Anastasia Gladun, a professional ballet dancer from Kiev, is stranded in New York City in the year 2022.
The ballet tour was in its third week when the war broke out. We were traveling around the United States by bus, performing “Swan Lake” in a different city every day. On February 24, we had just finished 14 shows out of 50, and – to be honest – I don’t even remember the city we were in that night. But I do remember sitting in my hotel room after the play, taking off my makeup. Around 11 p.m., my Russian roommate, who was sitting next me told me that her country had attacked Ukraine. We both couldn’t believe it.
The ballet tour continued despite the war in Ukraine: “The show must go on!”
I had started dancing as a child. My ballet teacher was of the old type, very good at it, and yet I stopped at the age of 12. Later, as a student of economic theory, the wish to dance came up again. It was a physical desire that I could no longer ignore. I found ways to learn quickly and make up for the missed years. While I was successfully working as a brand manager and finishing my study, I went to a dance class every night. At some point, I was at a crossroads and quit my job. I had understood that my life related to the dance – I cannot live without it.
The “Swan Lake” tour kept on running as planned for 2.5 months in 2022. People had bought tickets, so we performed as usual. For me it was good to have work because you can’t digress with your terrible thoughts. During rehearsals you must be fully present – on stage you should smile. And yet, during the waltz, tears ran down my face. My dance partner whispered, “We are actors, you have to act!” But at that time, everyone was shocked, we were all crying, on and off stage. Sometimes someone would give a short memorial speech or a moment of silence before the performance of Swan Lake, but I can assure you:
No meaningful slogan can undo the apocalyptic feelings inside.
Over the next few weeks, I slept very little, and I began to live with my phone: I constantly followed the news. I texted with my sister, who is on the run with her six-month-old baby and my mother, and prayed for my father and brother, who stayed Ukraine. I often cried until 4 a.m., got up early, traveled, and performed again. During that difficult time, I asked myself:
What is the meaning of life,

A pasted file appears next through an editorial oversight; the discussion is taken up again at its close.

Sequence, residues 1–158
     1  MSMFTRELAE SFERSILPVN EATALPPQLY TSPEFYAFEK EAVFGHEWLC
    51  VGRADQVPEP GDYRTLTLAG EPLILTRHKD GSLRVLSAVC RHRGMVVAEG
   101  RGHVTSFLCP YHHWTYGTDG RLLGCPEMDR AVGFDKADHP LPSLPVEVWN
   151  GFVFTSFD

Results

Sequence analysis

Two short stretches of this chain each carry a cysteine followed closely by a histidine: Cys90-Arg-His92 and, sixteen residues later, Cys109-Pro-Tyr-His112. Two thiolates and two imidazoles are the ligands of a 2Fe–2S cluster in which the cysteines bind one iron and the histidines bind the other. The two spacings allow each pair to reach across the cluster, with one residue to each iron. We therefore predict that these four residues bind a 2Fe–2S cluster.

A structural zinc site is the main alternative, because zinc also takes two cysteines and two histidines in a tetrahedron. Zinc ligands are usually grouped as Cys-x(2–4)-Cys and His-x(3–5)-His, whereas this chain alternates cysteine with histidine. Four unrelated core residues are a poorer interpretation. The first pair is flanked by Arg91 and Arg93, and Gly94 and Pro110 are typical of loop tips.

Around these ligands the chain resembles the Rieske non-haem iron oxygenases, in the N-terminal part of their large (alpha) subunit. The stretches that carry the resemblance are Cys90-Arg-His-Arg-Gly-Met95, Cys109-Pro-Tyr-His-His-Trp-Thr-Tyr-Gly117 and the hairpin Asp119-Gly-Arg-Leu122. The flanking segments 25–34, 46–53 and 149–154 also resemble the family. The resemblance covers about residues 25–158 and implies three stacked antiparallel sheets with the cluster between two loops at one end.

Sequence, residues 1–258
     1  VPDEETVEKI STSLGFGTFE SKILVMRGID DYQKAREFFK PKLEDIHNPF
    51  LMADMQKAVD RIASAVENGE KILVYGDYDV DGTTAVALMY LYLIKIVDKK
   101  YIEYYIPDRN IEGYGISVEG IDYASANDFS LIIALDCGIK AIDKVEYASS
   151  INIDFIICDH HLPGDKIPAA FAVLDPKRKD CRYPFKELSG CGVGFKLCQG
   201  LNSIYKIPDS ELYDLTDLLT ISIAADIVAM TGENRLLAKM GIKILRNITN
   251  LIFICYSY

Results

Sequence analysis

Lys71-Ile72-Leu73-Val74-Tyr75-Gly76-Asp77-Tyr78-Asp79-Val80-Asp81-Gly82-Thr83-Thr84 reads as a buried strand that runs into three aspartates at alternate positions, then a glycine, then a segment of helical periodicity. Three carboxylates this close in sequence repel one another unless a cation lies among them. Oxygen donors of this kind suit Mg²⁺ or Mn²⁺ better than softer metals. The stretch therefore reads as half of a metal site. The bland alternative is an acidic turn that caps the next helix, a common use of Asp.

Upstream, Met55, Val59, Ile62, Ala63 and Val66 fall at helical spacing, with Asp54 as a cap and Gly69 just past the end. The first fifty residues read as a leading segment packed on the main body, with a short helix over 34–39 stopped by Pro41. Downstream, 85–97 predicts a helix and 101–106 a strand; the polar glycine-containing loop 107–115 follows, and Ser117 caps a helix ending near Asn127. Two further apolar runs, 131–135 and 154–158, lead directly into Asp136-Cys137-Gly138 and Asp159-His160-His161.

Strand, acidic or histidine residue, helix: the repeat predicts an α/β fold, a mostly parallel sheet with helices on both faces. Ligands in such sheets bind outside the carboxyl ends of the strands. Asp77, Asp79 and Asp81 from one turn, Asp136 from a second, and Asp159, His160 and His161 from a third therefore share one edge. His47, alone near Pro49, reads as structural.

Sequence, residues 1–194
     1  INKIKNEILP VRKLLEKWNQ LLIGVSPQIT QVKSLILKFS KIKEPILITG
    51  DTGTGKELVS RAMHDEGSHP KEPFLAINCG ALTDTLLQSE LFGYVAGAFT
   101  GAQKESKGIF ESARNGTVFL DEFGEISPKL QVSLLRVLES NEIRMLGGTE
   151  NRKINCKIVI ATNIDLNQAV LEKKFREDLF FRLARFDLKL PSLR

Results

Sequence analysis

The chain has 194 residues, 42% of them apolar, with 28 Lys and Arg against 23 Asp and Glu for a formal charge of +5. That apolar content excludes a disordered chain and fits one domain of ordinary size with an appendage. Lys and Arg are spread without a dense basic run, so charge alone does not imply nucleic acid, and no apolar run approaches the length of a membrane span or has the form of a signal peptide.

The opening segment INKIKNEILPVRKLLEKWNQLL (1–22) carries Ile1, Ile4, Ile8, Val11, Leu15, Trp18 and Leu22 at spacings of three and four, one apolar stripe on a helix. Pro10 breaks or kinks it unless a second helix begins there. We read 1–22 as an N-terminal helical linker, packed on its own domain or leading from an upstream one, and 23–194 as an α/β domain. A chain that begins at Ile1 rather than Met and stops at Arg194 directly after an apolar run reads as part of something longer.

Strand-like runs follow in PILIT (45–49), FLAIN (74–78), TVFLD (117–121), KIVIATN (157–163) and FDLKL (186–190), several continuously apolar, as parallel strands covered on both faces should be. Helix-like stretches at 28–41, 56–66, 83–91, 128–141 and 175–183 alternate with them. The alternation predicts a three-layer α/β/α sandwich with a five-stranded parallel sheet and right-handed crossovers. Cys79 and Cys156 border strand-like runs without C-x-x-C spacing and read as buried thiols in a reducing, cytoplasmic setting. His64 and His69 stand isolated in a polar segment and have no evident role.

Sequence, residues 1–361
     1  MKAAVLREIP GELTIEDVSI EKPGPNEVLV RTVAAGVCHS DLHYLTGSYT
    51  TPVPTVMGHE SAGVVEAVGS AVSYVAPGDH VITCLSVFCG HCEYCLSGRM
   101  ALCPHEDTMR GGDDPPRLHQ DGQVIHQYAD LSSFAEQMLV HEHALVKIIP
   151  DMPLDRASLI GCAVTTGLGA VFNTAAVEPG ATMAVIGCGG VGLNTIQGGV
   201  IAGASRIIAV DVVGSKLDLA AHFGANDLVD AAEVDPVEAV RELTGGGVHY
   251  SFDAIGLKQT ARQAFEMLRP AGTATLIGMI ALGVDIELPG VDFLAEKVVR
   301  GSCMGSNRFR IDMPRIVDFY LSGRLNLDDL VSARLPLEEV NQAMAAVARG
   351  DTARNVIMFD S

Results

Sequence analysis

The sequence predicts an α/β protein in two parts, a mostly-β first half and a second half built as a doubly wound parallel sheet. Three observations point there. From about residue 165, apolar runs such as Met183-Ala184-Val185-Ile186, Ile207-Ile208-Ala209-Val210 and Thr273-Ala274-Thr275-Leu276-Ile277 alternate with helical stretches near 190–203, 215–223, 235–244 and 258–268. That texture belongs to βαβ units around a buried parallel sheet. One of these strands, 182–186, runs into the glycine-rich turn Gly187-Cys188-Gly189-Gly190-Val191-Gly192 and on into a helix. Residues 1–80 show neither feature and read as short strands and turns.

if you build a good life for yourself
but someone else has the power
to destroy it arbitrarily and ruthlessly?
From 2015 to 2020 I got to travel a lot – to Lebanon, Israel, China, and Europe. I took part in the filming of Disney’s “Dumbo” in London, a great childhood dream. For two years I was on the road more than at home in Kiev, but corona gave everything a break. When I got the contract for the Swan Lake USA tour in 2022, I was very grateful. In February I said goodbye to my mother in Ukraine: “See you in April!”
I felt like falling backwards, deeper and deeper, into some dark place.
With the war going on all airports in Ukraine were closed. I realized that I could not fly back home. My original return flight from L.A. to Kiev on April 10th was cancelled, and suddenly I found myself in official “Temporary protection Status.” Stranded in the U.S., I had to figure out what to do with myself. Before the war, I had loved setting goals, moving forward step by step, but now I had lost the joy of living. I was afraid of my own thoughts, which kept wandering back home…
When we had a day off from “Swan Lake” in Houston, Texas, I went to this bookstore called “Barnes & Noble”. I found a book called “Men’s searching for meaning” by an Austrian psychologist Viktor Frankl, who had survived a concentration camp during World War II. He talked about his imprisonment and how important it was to have a purpose in life to survive. This inspired me a lot and I realized that I must stop feeling sorry for myself. I decided to make the best of the situation, you know:
The one place in the world I’ve always wanted to go is New York.
Interview: Sandy Bossier-Steuerwald, Photo ©: Private